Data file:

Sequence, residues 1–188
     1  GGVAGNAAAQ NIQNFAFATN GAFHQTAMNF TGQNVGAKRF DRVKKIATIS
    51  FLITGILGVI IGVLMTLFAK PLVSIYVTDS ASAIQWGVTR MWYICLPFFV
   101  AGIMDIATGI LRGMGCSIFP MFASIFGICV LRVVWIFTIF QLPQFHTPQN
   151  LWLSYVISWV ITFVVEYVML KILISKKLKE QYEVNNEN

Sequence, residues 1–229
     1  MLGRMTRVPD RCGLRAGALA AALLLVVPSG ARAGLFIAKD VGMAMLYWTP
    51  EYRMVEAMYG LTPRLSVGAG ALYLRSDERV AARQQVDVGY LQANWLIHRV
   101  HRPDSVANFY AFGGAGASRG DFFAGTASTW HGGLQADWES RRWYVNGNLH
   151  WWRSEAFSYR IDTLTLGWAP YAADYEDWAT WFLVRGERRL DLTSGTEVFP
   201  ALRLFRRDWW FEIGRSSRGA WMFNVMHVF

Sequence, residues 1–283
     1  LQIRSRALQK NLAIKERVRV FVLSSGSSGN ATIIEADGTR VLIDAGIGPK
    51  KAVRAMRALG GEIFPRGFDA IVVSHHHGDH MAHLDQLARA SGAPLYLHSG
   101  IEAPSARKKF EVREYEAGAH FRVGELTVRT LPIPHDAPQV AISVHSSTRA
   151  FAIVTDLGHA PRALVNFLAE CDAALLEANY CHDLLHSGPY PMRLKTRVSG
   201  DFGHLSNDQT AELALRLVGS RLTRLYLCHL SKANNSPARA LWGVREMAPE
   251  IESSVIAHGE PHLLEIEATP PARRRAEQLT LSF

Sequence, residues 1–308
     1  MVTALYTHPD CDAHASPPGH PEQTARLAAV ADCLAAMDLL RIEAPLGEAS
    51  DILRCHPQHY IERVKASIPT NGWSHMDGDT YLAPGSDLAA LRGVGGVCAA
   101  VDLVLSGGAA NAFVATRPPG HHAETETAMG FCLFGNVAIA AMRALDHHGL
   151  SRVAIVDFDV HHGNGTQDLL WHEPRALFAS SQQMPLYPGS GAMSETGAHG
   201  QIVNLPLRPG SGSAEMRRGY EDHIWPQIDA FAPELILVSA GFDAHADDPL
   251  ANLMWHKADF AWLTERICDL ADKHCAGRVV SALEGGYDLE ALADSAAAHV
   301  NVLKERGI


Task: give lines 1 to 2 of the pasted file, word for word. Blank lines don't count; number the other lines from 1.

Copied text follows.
Sequence, residues 1–188
     1  GGVAGNAAAQ NIQNFAFATN GAFHQTAMNF TGQNVGAKRF DRVKKIATIS